With 2015 to 2019 as the hottest five-year period ever measured and climate impacts getting ever more severe and frequent, the immediate and determined implementation of the goals mutually agreed on in the Paris Agreement is more urgent than ever. UN Secretary-General António Guterres has therefore invited governments, the private sector, civil society and international organisations to the UN Climate Action Summit 2019 starting today in New York. Focussing on ambitious solutions and announcements of more ambitious climate targets, the summit is meant to be the starting signal for a “race to the top”.
This guide provides climate change negotiators with a synopsis of the key elements in the United Nations Framework Convention on Climate Change (UNFCCC)’s Biennial Assessment of climate finance flows. This is of relevance not only to the overall landscape of climate finance, but also to the emerging new global agreement on climate change, to be agreed at the UNFCCC Conference of the Parties in Paris in 2015.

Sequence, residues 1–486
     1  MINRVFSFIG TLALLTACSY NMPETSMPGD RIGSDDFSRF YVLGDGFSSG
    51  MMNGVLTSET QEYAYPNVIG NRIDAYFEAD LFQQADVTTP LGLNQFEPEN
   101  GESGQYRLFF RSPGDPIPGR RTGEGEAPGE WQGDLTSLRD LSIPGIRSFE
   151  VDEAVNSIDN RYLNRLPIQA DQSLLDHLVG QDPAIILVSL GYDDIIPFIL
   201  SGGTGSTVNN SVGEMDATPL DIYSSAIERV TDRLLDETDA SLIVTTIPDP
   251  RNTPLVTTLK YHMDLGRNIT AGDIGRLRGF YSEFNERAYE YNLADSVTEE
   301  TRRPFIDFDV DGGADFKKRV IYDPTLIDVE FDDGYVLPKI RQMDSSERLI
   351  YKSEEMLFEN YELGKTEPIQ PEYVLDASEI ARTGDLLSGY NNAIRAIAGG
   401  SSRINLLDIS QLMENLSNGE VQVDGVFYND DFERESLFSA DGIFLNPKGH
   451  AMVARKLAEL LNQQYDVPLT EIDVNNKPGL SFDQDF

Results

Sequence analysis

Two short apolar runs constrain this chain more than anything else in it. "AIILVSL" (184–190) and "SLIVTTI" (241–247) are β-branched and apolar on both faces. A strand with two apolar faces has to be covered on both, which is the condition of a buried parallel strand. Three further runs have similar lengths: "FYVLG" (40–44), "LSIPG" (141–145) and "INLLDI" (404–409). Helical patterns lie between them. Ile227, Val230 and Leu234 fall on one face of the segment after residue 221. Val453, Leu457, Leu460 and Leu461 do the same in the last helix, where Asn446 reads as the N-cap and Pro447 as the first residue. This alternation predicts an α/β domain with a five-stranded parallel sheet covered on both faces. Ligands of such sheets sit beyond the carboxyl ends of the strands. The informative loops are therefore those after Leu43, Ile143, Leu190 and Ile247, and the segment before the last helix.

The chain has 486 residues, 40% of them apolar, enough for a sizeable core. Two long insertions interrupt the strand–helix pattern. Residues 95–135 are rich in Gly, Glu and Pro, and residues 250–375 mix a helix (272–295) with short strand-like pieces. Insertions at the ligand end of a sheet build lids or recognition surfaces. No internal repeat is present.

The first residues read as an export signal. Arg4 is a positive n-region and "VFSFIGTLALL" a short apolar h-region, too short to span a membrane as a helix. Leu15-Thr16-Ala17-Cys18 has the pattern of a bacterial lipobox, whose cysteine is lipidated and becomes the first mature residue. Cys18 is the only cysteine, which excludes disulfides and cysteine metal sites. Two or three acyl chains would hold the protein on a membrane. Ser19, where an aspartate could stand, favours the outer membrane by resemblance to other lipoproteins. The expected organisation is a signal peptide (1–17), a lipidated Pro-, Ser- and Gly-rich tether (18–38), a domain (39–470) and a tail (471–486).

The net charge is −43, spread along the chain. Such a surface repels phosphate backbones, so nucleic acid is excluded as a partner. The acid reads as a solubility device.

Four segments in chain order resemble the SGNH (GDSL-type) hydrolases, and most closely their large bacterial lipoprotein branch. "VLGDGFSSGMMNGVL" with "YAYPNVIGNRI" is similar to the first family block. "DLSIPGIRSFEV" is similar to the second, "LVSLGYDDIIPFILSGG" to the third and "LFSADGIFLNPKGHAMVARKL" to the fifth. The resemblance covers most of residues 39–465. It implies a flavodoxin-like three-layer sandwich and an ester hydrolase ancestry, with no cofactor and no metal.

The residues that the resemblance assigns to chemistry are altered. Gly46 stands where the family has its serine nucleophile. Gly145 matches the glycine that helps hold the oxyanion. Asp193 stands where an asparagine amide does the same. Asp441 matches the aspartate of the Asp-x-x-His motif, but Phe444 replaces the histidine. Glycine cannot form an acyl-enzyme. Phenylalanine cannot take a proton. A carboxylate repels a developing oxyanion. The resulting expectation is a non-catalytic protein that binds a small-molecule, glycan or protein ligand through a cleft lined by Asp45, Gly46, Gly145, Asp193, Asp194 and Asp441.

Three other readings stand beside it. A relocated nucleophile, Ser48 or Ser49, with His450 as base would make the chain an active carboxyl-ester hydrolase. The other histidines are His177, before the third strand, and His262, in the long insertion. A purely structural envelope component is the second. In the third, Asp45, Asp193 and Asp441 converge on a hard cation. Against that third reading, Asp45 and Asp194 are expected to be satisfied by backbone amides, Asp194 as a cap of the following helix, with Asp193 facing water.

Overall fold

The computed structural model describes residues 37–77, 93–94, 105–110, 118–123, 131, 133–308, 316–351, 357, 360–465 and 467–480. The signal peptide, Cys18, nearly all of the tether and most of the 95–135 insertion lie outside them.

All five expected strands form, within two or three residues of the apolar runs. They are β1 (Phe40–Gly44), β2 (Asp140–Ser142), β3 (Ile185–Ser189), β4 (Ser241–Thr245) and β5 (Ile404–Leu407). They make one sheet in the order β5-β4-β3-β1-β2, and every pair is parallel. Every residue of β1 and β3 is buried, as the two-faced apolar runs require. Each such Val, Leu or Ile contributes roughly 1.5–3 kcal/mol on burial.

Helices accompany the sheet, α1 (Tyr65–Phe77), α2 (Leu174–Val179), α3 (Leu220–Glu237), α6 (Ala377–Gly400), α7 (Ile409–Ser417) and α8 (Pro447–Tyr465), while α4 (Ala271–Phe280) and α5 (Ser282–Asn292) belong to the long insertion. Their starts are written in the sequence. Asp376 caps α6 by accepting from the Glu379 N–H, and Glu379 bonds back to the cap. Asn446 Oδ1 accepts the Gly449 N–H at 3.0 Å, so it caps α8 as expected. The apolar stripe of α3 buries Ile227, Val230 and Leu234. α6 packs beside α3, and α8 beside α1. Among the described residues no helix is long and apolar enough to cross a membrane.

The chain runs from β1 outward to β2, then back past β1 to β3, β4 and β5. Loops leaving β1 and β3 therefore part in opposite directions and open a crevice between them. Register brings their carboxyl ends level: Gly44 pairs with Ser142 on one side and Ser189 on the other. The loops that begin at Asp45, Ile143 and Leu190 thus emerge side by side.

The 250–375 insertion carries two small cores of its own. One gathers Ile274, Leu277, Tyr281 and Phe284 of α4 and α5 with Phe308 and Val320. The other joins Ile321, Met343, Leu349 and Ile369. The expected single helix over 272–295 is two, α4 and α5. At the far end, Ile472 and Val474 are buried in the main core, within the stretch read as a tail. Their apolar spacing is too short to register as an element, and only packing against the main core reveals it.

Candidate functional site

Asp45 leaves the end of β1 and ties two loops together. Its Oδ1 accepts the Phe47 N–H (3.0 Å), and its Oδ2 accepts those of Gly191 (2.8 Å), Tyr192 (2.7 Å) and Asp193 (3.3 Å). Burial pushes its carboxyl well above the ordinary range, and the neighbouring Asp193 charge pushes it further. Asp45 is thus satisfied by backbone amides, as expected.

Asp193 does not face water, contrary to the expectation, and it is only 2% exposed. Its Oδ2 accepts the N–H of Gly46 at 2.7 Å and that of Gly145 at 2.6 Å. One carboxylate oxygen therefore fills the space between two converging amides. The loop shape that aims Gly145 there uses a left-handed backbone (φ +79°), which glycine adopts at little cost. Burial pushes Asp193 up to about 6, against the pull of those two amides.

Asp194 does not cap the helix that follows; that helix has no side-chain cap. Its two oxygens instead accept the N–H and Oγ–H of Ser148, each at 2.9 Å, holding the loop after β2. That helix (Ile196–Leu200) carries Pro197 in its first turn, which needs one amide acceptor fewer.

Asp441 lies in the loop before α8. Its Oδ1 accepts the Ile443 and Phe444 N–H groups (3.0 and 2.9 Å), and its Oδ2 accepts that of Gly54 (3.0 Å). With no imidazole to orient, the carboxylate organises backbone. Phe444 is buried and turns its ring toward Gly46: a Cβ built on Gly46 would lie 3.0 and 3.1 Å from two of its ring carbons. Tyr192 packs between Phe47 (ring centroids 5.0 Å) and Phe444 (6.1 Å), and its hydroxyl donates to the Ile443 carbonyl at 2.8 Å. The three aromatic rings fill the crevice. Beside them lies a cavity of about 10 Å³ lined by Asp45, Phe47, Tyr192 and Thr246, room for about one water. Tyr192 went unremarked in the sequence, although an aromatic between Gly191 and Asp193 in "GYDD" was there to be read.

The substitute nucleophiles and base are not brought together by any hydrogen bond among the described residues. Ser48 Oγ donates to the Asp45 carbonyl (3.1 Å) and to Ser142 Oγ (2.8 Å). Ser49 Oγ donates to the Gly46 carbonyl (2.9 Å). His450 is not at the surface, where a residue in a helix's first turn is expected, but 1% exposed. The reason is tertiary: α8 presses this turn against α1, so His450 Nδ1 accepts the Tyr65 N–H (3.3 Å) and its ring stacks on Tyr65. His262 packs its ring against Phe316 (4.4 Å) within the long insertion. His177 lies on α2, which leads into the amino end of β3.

One in a series of Open Climate Network (OCN) papers, this assessment looks at the Fast-Start Finance (FSF) contributions from Germany.
The third meeting of the Standing Committee on Finance (SCF) took place in Bonn from the 8th to the 10th March 2013.
Different institutions play a crucial role in order to promote adaptation to climate change in developing countries. As a contribution to the current political debate, in particular in the UNFCCC negotiations, this paper analyses key institutional approaches on the different levels and makes a number of concrete suggestions with a view to optimising the interplay between institutions on the different level.